How did our diets become so dominated by ultra-processed food and what is it doing to us?
Ultra-processed food is getting a lot of attention recently and it’s not only because of our Taking the Biscuit campaign.
This week, our friend and ally, Chris van Tulleken, Broadcaster and Infectious Diseases Doctor, published his much-awaited book, Ultra-Processed People. It’s a fascinating, important and informative read.
Chris is a huge advocate for action to address the over-consumption of ultra-processed food and championed our Taking the Biscuit campaign by providing a voice-over for the film.
Ultra-processed food is everywhere!
Ultra-Processed People explains how ultra-processed food (also known as UPF) dominates our diets from breakfast through to lunch and dinner with everyday foods not necessarily what they appear. Chris highlights how ultra-processed foods are everywhere, providing a cheap, convenient way to eat and easily identifiable by the fact they are wrapped in plastic and contain at least one ingredient you wouldn’t find in a household kitchen.
But, as he explains, growing evidence supports concerns that our over-consumption of these foods is causing a range of health outcomes from depression to cancer. How is it that, despite these risks, ultra-processed food has taken over our diets, he asks?
It’s the processing that’s the problem
Much of the focus on improving the healthiness of our diets by policymakers and industry and even many nutrition scientists is on reducing the well-known “problem” nutrients – fat, salt and sugar. But Chris explains that even when these are controlled for in the diet, life-expectancy, cancer, inflammation and weight gain remain the same. It is the processing that is the problem.
Processing removes water from products to increase shelf-life, making them calorie dense and their softness results in fast consumption which means you continue to eat even when you should be feeling full. Additionally, additives affect our mental health and emulsifiers interrupt our gut microbiome, so important for keeping healthy.
Ultra-processed People is a personal journey
As well as a thorough analysis of the science, Ultra-Processed People is a personal journey too. Chris describes his experiment with UPFs, in which he consumed an 80% UPF diet for a month, documented for the BBC in What Are We Feeding Our Kids?. He gained a great deal of weight and found his hunger hormones were highly elevated, meaning his hunger wasn’t satisfied after eating and, in his brain, signs of addiction to UPFs were starting to form.
Chris’ favourite food, takeaway fried chicken, is not something he can now eat. All that he now knows about UPFs and their impact on our bodies, has meant he can no longer stomach them. What’s more, he makes them sound rather disgusting. Xantham gum, a common ingredient in ultra-processed foods is, he finds, “slime that bacteria produce to allow them to cling to surfaces”. Coco Pops are described as “predominantly a slick of wet starchy globs”. There are terrifying stories too, about food made from synthetic materials including coal and manufactured products approved for consumption without a clear idea of their long-term effects. He reports on the crisis of tooth decay in children which Chris claims is “almost entirely due to UPF”.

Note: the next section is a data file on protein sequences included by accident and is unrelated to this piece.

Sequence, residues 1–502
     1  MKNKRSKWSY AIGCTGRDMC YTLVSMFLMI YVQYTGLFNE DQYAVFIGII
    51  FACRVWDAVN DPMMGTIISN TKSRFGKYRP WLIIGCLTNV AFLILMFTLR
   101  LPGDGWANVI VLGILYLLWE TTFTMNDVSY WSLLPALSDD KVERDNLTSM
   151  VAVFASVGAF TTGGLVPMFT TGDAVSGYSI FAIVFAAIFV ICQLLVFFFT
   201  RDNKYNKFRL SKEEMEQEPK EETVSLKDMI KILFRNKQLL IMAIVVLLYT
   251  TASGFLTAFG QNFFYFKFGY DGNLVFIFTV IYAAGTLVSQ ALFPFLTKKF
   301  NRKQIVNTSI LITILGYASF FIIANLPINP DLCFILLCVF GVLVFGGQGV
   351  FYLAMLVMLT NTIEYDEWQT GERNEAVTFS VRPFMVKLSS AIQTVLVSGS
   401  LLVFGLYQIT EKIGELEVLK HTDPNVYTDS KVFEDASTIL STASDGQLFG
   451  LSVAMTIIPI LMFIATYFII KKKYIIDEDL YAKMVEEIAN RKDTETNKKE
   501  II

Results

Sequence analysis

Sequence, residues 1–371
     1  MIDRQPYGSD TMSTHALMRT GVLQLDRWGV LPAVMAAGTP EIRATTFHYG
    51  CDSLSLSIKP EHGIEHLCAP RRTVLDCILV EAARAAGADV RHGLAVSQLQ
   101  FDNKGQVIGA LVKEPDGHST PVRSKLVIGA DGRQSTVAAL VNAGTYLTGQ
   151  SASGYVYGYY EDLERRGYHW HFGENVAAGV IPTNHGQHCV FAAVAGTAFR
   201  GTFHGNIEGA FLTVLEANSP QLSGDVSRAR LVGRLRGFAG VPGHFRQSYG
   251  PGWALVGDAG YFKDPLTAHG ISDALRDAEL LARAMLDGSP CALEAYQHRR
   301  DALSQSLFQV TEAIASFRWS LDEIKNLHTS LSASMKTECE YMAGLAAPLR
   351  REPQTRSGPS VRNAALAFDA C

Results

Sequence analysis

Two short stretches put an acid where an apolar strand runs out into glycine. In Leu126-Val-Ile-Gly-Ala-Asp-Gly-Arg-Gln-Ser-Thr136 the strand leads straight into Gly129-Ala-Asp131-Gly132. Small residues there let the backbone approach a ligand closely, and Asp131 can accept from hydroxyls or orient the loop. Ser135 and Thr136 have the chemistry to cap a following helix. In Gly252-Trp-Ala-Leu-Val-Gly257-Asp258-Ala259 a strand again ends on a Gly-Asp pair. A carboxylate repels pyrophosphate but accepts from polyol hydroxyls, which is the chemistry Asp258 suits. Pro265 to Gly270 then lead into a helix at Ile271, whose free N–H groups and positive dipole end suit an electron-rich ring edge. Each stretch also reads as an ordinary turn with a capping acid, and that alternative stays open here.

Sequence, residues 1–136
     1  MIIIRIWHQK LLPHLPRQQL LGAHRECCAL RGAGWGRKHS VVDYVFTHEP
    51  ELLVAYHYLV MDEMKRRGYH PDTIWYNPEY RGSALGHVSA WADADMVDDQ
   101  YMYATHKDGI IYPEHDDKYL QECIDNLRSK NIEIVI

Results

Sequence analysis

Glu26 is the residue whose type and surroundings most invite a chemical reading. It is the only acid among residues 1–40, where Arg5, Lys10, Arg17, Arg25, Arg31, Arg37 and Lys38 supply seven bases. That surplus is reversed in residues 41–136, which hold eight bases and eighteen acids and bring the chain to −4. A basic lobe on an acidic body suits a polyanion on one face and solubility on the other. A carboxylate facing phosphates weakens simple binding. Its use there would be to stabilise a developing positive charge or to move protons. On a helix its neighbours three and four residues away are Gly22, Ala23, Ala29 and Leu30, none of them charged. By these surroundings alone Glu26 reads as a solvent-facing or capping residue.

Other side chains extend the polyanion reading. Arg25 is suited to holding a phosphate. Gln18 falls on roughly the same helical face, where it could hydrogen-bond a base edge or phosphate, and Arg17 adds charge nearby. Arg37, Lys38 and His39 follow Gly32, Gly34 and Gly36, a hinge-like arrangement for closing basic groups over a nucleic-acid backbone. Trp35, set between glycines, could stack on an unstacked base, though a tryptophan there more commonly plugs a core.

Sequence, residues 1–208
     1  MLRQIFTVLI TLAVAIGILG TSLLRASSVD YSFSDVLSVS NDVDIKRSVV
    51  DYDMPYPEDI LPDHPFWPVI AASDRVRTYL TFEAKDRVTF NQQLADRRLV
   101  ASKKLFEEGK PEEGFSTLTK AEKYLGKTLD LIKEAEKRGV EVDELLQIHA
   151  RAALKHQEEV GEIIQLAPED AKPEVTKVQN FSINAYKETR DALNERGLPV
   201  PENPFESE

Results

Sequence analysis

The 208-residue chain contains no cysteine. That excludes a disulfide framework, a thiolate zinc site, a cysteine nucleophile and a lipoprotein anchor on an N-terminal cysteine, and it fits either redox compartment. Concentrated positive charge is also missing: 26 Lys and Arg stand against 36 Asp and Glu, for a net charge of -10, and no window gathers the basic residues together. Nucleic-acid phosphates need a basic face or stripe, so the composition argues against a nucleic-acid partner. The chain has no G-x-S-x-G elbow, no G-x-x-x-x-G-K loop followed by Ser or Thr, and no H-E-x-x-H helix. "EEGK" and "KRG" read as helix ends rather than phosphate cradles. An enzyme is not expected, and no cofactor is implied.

Chris talks to a wide range of people including some of our heroes, experts who are sticking their necks out to highlight the impact of the dominance of UPF in our diets. From Carlos Monteiro, whose research team at the University of Sao Paulo invented the term NOVA to define UPFs, to Kevin Hall, whose randomised control study has been so widely cited as evidence that it’s not the nutrients in UPFs that cause weight gain but something to do with the processing itself and Anthony Fardet, who has championed the food matrix and the importance of the structure of food to how we digest it and absorb its goodness, all of which is removed by ultra-processing.
Chris also talks to teenagers about their food preferences and how cost and advertising (and special offers for McDonald’s on bus tickets!) influence their choices. He also reports on his observations of watching his own very young children consume UPFs, seemingly unable to stop to the point they had consumed almost a day’s worth of calories in one breakfast sitting of Coco Pops.
UPFs also cause environmental destruction
Chris exposes UPFs as “a particular driver of carbon emissions and environmental destruction”. His book includes an interview with my colleague, Rob Percival, who notes that “the prevalence of UPF in our diet is symptomatic of a sickly food system” in which “agribusinesses have invested in a handful of high-yield crops and products” fuelled by pesticide and fertiliser inputs which, to be profitable, are either feed to livestock to produce meat or processed into UPFs. The book’s chapter on the environmental impacts of UPFs includes reference to the subject of our Stop Poison Poultry campaign, soya production in Latin America for chicken feed in the UK and elsewhere and the subsequent increase in cancer-causing pesticides in soya producing countries. He even promotes agroecology.
So what’s the answer?
Chris ultimately explains that the over-consumption of UPFs is not down to personal choice. These products are cheap and aggressively marketed and target the poorest in society. The food system, the cost of healthy food and the influence the food industry has on our consumption habits and what and how we eat, need to change. We couldn’t agree more!